Local government elections

May 22nd, 2023 by James Goudie KC

The majority decision in MAHARAJ v CABINET OF REPUBLIC OF TRINIDAD AND TOBAGO (2023) UKPC 17 concerned substituting four years for three years as the periods of office of Councillors and Aldermen, including apparently in the case of incumbents.  If so, incumbents would serve for an additional year with elections postponed for one year.  A judicial review challenge was brought to such a change to the basis upon which the incumbents had been elected.  The Privy Council observe (para 31) that it is an “essential element” of any democratic form of government that the electorate choose their representatives for a “limited period”: “The right to vote out representatives is as important as the right to vote in representatives”.  At the end of the period for which they were elected, the electorate has the right to decide whether they wish the incumbent representatives to remain in office, assuming they stand for re-election.  The Privy Council add (para 34) that it is inimical to a representative democracy that the representatives are chosen by anyone other than the electorate.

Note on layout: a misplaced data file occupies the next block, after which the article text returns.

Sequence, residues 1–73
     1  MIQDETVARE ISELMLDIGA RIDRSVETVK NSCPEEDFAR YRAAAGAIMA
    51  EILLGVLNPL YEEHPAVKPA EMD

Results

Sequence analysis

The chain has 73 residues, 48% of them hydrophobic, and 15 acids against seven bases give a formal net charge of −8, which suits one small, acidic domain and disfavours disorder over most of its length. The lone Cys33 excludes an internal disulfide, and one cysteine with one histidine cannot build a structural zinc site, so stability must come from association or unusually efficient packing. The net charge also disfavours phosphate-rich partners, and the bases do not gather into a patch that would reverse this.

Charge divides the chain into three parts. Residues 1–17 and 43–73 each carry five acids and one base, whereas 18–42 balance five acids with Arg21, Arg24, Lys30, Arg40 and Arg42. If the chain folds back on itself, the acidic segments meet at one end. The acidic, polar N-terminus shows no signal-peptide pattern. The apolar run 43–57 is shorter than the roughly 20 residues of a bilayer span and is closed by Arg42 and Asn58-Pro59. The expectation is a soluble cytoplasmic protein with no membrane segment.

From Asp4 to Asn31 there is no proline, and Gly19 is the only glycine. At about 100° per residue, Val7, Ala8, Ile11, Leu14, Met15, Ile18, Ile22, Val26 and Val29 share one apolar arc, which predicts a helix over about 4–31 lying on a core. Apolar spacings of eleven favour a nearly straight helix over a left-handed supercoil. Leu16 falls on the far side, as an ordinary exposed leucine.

The principle of legality applied (paras 38-43 inc).  That is a principle of statutory interpretation that, in the absence of clear words, legislation will not be construed as being contrary to fundamental common law rights.  Fundamental rights or the rule of law cannot be overridden by general or ambiguous words. The fact that the democratic process, and the voting rights of individuals in that process, are derived solely from statute, and are not a product of the common law, does not diminish their fundamental importance.  Ambiguities in legislation are resolved in favour of democratic rights: “…the central importance of the statutory regime for democratic government … requires the use of clear language.”  The change should be interpreted as not applying to incumbents, rule the 3-2 majority of the Privy Council.

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